Now, you might be asking what approach is then appropriate. A tailored model that promotes human rights, gender sensitivity and especially “indigenous perspectives, innovations and practices in an environment that replicates traditional ways of learning” (United Nations Human Rights Office of the High Commissioner, para. 4) might have utility in the proliferation of a competitive indigenous education. The United Nations Inter-Agency Support Group emphasizes that the “most effective way is to work in a community-based, bottom-up manner to ensure that infrastructure, pedagogical materials and curricula meet the sometimes-unique needs of indigenous teachers, learners and their communities” (United Nations Inter-Agency Support Group, p.2).

As a result, the government overhauled the education system to adhere to international standards that are perpetuated by ASEAN, the Department of Education (DepEd) adopted the Indigenous Peoples Education Curriculum Framework which enunciates “guidance to schools and other education programs as they engage with indigenous communities in contextualizing the K-12 Curriculum” (Republic of the Philippines- Department of Education, 2015, para. 1). This DepEd order, which is a product of numerous consultations with elders, leaders and initiators of community-based indigenous learning, recognizes the right that indigenous peoples have for a culturally sensitive and responsive education. This will serve more than a million indigenous students in public schools and in community and civil society organization-managed schools. The curriculum is tailored on the distinctive attributes of indigenous communities: (a) the ancestral domain; (b) the worldview of the community and; (c) indigenous cultural institutions. Additionally, the framework takes into account the vernacular languages of the learners with the implementation of Mother Tongue-based Multilingual Education (MTB-MLE). This approach allows the reinforcement and supplementation of Indigenous Knowledge Systems and Practices (IKSPs) and Indigenous Learning System.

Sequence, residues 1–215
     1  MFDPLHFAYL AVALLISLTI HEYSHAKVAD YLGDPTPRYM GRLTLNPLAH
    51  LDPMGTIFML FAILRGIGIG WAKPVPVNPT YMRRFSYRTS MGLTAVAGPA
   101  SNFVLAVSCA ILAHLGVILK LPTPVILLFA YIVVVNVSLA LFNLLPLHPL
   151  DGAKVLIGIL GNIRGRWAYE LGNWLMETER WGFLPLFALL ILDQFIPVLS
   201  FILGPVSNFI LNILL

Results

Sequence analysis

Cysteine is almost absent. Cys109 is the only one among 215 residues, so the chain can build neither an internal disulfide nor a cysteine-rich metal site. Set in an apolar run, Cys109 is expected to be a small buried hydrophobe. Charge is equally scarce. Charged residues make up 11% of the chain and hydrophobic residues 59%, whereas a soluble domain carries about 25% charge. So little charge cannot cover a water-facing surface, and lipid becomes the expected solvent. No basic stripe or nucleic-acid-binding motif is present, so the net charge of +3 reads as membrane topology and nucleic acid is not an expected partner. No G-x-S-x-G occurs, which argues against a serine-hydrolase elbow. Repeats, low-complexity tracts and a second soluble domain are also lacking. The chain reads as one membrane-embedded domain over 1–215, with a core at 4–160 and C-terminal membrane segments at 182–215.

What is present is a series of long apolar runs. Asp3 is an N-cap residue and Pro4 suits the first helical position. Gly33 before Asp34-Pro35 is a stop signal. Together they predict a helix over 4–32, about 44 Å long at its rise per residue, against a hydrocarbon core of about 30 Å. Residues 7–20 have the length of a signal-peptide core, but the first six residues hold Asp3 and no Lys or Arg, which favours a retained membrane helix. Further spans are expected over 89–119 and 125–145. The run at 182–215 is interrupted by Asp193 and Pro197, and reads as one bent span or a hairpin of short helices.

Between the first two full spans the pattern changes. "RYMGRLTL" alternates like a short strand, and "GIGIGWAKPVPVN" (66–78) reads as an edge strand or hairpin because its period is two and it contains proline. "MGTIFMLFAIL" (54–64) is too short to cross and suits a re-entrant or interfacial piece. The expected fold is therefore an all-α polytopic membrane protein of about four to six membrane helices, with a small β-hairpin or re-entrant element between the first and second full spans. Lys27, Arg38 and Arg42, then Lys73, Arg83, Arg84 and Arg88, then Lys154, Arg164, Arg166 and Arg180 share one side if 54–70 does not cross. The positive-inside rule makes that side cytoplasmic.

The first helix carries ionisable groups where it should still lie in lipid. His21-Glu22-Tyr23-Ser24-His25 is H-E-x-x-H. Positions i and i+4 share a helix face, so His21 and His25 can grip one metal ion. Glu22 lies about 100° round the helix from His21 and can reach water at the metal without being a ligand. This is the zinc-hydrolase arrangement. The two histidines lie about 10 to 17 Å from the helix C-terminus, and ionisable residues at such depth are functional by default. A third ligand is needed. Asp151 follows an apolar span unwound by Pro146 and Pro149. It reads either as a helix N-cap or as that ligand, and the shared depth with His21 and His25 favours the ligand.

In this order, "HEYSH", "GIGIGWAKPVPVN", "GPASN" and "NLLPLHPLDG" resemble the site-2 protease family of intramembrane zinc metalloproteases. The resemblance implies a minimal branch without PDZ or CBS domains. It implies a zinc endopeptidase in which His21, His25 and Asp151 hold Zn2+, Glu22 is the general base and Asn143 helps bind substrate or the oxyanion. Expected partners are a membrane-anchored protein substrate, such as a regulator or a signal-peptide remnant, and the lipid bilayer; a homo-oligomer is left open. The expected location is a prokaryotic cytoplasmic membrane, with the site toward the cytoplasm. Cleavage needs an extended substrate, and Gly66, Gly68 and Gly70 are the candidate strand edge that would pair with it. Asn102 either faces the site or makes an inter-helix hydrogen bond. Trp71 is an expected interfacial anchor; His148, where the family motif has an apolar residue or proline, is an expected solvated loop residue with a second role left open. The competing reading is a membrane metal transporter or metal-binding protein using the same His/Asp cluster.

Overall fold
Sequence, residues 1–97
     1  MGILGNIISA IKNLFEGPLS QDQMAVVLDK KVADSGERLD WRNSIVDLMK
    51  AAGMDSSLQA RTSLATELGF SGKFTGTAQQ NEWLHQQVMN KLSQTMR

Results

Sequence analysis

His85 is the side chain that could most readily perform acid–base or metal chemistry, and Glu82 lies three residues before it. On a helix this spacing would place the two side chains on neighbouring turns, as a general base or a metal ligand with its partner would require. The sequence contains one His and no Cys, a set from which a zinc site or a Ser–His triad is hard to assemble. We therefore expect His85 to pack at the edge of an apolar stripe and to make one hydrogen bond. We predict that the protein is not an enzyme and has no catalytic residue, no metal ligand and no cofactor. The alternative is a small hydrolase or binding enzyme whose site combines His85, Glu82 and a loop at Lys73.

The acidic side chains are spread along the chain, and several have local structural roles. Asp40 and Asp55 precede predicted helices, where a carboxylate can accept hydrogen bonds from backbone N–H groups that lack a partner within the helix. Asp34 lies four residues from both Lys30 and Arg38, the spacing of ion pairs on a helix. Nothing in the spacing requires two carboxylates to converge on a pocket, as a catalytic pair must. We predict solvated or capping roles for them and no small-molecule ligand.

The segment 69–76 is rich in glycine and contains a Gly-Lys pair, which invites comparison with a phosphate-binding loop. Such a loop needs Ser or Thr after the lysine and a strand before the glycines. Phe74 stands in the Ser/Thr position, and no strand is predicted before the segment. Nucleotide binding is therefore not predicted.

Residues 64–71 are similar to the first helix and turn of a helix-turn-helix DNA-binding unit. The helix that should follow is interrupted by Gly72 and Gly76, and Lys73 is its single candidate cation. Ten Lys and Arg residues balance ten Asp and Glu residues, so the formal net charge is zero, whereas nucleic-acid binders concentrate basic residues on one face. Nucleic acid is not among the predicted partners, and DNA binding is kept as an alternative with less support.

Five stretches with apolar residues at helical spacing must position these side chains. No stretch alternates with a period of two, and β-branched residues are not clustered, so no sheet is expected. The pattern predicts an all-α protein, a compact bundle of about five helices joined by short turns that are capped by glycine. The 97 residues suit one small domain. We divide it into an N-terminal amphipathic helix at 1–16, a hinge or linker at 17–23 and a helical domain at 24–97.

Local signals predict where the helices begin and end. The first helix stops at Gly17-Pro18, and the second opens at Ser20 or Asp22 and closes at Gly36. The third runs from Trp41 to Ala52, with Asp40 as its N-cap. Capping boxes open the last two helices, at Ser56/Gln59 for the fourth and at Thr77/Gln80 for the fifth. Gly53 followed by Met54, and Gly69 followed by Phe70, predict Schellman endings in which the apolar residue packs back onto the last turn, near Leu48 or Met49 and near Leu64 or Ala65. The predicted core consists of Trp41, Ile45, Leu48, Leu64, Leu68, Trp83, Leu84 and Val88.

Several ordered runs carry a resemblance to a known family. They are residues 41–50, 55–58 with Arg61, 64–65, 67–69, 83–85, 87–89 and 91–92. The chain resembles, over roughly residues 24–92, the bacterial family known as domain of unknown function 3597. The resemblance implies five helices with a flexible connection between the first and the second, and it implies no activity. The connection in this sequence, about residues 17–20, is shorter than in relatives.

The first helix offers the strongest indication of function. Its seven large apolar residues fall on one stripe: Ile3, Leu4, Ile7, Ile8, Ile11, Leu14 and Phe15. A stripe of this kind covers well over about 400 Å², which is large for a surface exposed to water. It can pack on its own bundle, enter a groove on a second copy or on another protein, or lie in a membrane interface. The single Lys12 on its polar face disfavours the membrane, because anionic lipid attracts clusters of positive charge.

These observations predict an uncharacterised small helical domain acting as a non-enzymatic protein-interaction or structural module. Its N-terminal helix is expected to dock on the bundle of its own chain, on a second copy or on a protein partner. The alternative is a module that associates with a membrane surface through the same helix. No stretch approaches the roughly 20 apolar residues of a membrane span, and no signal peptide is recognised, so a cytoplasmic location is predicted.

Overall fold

According to DepEd, the curriculum seeks to enable “indigenous learners to be future culture-bearers capable of exercising their right to self-determination as they interact with other cultures.” Moreover, this also promotes inclusion, participation and empowerment. But then again, underneath these provisions are distressing hindrances. Who actually are expert of one’s cultures? Are these correctly taken into accounts as reflected in the school’s materials such as books and the like? If it so, are they written in the correct vernacular languages’ orthography? Absolutely, we can’t afford to draw confusions like claiming Cordillerans are Aetas as well.